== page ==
He took it, dropping the paper, and said, "Sorry."
Exley just smiled. He had another drink in hand, and he came around the coffee table and sat down right next to Bud. He took a swallow of his drink--Bud took one too, and the whisky burned his throat, reminding him that he hadn't eaten anything since two bites of breakfast, nor slept all last night. Exley set his drink down and frowned at the papers on the table and then said, "So I take it the honeymoon is over?"
Bud looked sideways at him looking sideways back, and exhaled a half-laugh. "Yeah, I guess. Lynn seems to think I'll be happier back in LA, at least if I can get my old job back."
"Ah," Exley said, his eyebrows raising, and then he looked back down at the files. "Hm. Your old job. There was a bit of a shakedown in Homicide..."
Bud winced. He knew Dudley was gone. He knew that without him there would be no one to change being a cop into the same thing as being a back alley enforcer. Still, he could wish for a cleaner slate than going back to Homicide, where everyone thought Dudley had been a hero and Bud had been his right hand man.
"Probably have to move you into the detective bureau," Exley said, still staring at his papers, all absentmindedly, like it was nothing. "Where I will of course pull rank in order to have you on my cases, and shamelessly use you to make myself look good."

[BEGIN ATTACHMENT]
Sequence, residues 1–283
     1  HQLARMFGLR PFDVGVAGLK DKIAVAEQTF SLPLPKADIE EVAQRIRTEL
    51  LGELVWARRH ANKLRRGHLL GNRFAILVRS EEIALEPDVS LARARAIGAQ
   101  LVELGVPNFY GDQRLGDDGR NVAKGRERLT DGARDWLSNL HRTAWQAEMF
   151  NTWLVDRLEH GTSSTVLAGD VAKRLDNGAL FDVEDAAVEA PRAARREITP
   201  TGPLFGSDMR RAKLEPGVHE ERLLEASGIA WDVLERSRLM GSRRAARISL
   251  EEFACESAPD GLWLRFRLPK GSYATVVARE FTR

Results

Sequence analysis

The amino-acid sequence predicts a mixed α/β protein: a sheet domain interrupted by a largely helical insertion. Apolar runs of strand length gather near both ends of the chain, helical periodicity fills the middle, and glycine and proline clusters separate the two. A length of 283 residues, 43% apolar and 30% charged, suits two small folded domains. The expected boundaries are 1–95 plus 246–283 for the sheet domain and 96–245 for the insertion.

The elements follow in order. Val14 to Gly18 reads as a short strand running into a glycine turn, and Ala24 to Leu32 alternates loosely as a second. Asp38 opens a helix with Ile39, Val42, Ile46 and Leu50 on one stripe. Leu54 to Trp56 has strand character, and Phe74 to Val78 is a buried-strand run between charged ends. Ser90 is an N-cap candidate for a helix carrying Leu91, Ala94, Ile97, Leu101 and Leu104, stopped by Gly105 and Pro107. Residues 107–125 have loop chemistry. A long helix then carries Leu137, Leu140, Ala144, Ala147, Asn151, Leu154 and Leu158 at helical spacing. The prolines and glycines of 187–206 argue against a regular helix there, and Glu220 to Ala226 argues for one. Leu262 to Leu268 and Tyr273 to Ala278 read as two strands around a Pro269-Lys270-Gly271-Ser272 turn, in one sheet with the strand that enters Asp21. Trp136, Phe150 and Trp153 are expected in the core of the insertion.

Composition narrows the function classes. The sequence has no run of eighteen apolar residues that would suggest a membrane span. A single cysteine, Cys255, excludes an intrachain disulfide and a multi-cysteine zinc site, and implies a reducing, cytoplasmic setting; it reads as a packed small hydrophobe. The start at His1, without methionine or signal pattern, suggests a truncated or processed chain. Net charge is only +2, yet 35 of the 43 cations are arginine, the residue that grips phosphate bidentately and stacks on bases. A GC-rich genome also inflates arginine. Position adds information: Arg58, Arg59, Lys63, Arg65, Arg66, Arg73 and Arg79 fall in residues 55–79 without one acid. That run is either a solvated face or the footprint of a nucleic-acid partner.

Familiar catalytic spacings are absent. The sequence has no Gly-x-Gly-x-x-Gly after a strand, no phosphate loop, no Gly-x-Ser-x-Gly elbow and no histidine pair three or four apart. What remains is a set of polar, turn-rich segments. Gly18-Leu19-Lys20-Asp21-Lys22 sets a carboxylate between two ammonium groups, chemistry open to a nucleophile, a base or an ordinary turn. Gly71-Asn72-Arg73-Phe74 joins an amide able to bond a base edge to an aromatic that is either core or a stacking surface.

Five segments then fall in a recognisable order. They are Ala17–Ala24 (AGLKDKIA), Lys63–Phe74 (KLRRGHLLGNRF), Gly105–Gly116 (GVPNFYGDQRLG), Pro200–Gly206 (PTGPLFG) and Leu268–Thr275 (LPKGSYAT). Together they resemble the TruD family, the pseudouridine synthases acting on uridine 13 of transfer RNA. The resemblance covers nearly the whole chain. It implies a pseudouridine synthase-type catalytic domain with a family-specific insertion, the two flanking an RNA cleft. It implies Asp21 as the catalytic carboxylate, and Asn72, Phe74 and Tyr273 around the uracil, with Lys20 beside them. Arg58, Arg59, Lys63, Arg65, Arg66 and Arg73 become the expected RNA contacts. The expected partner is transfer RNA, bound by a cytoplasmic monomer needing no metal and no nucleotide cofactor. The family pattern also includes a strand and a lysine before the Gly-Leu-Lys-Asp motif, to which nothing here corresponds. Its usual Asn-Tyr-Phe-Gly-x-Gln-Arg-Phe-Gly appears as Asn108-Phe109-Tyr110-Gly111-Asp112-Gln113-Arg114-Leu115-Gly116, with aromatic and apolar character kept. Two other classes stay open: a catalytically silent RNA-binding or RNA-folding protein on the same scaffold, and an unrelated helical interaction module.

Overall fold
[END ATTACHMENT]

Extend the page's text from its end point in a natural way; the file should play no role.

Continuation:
Exley looked at him straight on then, and smiled, and Bud felt himself smiling back so easily it had to be the Scotch, and thinking that with his bright blue eyes and dark hair, Exley reminded him a little bit of Lynn. "I--seriously?"
"Seriously," Exley said. "Like this one, for instance." He tapped the page in front of him, and Bud tossed back the rest of his drink and leaned closer, their shoulders pressing together as his eyes skimmed down the page.
"See, here," Exley said, pointing to a line in the report, "but--"
"But he contradicts himself in the interrogation testimony," Bud agreed, grabbing the page he'd been looking at first, his blood racing like he was finally alive again for the first time since Dudley shot him. "He--here," Bud flipped through the pages. "Here." He laid them down side by side, "He mentions the brother-in-law and then changes the subject, he's trying to distract from it. He knows he screwed up."